news Wednesday, April 08, 2015 - 05:30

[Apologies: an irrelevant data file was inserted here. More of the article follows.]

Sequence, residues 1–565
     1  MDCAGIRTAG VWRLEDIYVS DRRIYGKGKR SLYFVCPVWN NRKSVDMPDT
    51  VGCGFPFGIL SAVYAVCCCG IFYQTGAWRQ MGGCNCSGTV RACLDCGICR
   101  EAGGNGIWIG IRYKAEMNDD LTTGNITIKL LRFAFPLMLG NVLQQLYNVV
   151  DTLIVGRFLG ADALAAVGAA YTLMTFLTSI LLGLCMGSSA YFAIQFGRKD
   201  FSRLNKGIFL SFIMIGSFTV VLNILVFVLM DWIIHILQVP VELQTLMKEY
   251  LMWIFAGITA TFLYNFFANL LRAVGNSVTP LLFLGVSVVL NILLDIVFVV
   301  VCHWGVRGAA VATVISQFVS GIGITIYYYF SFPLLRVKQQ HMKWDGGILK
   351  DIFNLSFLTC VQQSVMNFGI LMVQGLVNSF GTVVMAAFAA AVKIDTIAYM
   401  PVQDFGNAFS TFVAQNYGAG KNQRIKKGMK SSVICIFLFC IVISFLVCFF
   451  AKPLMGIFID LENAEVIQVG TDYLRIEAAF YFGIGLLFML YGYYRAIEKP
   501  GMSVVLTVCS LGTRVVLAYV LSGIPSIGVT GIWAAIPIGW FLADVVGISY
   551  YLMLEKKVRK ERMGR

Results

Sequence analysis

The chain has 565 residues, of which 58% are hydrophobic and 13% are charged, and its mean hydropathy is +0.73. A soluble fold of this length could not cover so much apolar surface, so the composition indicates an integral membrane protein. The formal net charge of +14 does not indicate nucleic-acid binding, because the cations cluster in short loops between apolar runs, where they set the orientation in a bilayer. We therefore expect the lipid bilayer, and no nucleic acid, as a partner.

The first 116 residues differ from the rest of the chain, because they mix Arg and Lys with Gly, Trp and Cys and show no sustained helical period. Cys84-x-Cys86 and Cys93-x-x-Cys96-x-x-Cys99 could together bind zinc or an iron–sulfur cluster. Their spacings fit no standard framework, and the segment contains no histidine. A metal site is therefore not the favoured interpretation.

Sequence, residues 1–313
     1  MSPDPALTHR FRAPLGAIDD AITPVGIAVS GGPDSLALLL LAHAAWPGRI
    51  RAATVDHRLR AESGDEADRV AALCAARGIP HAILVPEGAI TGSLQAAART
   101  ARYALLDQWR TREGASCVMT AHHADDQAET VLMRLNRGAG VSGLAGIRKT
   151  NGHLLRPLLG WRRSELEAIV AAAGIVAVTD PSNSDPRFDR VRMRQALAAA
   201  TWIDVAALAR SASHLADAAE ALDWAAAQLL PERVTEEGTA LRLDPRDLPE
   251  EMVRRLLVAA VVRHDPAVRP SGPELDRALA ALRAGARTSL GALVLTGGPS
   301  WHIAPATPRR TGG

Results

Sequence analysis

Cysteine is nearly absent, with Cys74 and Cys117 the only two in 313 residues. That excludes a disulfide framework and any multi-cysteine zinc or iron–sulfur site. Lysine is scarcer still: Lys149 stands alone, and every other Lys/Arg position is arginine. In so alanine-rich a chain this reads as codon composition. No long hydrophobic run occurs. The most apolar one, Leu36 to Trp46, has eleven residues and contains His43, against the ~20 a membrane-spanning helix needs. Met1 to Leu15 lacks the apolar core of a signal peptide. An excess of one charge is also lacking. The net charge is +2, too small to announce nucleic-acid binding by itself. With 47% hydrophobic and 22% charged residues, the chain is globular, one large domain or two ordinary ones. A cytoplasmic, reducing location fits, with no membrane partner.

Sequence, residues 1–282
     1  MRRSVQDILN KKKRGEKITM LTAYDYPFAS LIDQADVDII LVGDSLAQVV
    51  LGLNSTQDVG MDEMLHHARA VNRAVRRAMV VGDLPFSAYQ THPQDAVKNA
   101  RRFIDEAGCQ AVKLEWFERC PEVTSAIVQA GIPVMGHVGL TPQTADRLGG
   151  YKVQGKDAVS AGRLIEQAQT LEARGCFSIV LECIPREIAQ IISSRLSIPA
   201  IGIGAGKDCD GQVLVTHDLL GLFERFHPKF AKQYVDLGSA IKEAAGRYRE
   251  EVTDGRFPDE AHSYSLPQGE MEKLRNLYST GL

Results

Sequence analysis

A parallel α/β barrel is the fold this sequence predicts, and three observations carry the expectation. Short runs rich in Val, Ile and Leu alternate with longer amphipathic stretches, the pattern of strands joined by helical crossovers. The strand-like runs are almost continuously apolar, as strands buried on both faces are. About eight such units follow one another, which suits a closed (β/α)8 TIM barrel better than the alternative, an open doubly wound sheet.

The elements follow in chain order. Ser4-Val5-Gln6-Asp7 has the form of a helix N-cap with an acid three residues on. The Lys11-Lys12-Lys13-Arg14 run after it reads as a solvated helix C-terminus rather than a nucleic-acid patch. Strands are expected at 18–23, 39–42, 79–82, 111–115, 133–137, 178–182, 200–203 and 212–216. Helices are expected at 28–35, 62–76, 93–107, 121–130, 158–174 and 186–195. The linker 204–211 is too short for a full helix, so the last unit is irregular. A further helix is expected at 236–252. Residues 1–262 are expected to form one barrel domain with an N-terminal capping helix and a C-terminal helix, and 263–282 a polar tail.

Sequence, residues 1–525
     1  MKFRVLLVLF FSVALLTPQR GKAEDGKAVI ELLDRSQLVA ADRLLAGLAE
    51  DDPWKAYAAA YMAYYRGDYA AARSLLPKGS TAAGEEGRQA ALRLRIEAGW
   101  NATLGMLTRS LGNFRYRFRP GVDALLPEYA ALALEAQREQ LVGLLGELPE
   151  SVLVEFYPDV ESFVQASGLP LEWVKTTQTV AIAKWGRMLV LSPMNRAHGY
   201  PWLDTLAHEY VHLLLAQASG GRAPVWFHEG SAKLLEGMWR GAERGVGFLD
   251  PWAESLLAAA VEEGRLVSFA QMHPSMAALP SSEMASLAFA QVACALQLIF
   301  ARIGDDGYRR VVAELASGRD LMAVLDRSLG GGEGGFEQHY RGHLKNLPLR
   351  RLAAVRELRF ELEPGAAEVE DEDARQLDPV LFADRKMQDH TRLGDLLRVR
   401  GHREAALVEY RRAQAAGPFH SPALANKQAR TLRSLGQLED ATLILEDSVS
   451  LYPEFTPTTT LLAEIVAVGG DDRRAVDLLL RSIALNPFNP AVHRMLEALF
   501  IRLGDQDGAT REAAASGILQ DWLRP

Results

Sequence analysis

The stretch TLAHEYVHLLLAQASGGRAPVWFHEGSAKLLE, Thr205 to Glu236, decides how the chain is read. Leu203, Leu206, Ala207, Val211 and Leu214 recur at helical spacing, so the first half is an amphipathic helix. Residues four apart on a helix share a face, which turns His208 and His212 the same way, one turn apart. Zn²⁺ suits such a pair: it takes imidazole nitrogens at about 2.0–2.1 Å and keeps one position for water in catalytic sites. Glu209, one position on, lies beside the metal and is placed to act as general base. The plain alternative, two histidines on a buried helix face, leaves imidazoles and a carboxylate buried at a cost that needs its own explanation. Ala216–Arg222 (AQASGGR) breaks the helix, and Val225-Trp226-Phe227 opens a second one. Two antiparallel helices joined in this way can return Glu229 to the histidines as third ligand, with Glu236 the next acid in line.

The News Minute | April 8, 2015 | 10:27 a.m. IST  A comment which was riddled with sarcasm by Union Minister VK Singh has now caused a row with the former Army General responding to sections of the media who criticised the comment by referring to the press as “presstitutes”. While overseeing the evacuation of Indians from Yemen, Singh was quoted by NDTV saying that “It is a difficult task, but if you talk of excitement I think it's looking less exciting than going to the Pakistan embassy”. While the report by the news channel added “quipped” at the end of his quote, Times Now tweeted about the comment adding a hashtag #VKDisaster, seemingly looking to attack the insensitivity of the quote. General VK Singh says Yemen rescue operation is not as exciting as his visit to Pakistan embassy. #VKDisaster — TIMES NOW (@TimesNow) April 7, 2015 Twitter was quick to pick up on the issue and #TimesNowDisaster started to trend on the social media website by Tuesday evening as users mocked the channel for failing to sense the sarcasm in Singh’s comments.   A tweet by VK Singh late on Tuesday though set the cat amongst the pigeons with the former Army man using the word “presstitutes” to refer to the channel, also mocking its editor-in-chief, Arnab Goswami. Friends what do you you expect from presstitutes. Last time Arnab thought there was 'O' in place of 'E' #TimesNowDisaster — Vijay Kumar Singh (@Gen_VKSingh) April 7, 2015 And while sections of the political class were not too happy with the comment either, Times Now have gone on the offensive. Times Now Editor-in-chief Arnab Goswami says “this is the filthiest language” he has heard in opposition to a story. Referring to Singh’s tweet, the channel has asked VK Singh to show when they misunderstood 'E' for an 'O' and have decided to take VK Singh's 'Twitter Abuse' head on. Meanwhile, the Broadcast Editor's Association has condemned VK Singh's tweet and called for action. Shekhar Gupta, consulting Editor at India Today said that he sees a pattern in intimidating the media. He has called for the Prime Minister to intervene or such comments could result in unleashing the mob on the media. Journalist Rajdeep Sardesai wrote on his blog: "General Singh is not some anonymous twitter handle who can get away by spewing venom and abuse on the media. He is a senior member of the council of ministers who is expected to mind his language in a public fora like twitter. He has every right to feel that the media has been less than fair to him, but should he be calling the media 'presstitutes'? Sadly, Gen Singh seems to be taking his cue from the prime minister who has on several occasions called the media 'news traders', another offensive term popularised by right wing storm troopers on social media. "  This is also not the first time that Singh has used the word “presstitutes” to describe the media. The former Army General had used the term in February last year when The Indian Express had published the now controversial ‘army coup’ story. Singh was also in the midst of controversy in March this year when he tweeted about “duty” and “disgust” after attending the Pakistan Day celebrations, indicating that it was his job as part of the government to attend the gathering.  TNM's take:  We in the media in general and news networks in particular have not covered ourselves in glory by criticising Union Minister of State for Foreign Affairs V.K. Singh at a time when his work and that of India in repatriating people from Saan'a in Yemen has been unequivocally appluaded world-wide.  However, if journalists must be careful about what they say and report, so must ministers, especially V.K. Singh who has hit back at the media by calling them "presstitutes." This is not a dignified thing to say and in addition to lowering his own credibility, it also brings down the dignity of the office he holds. As Firstpost points out, Singh ended up sounding like a Twitter troll. Surely Sir, there are other ways of setting the media on a correction course - a clarification or even dignified rebuke would have been apt.    
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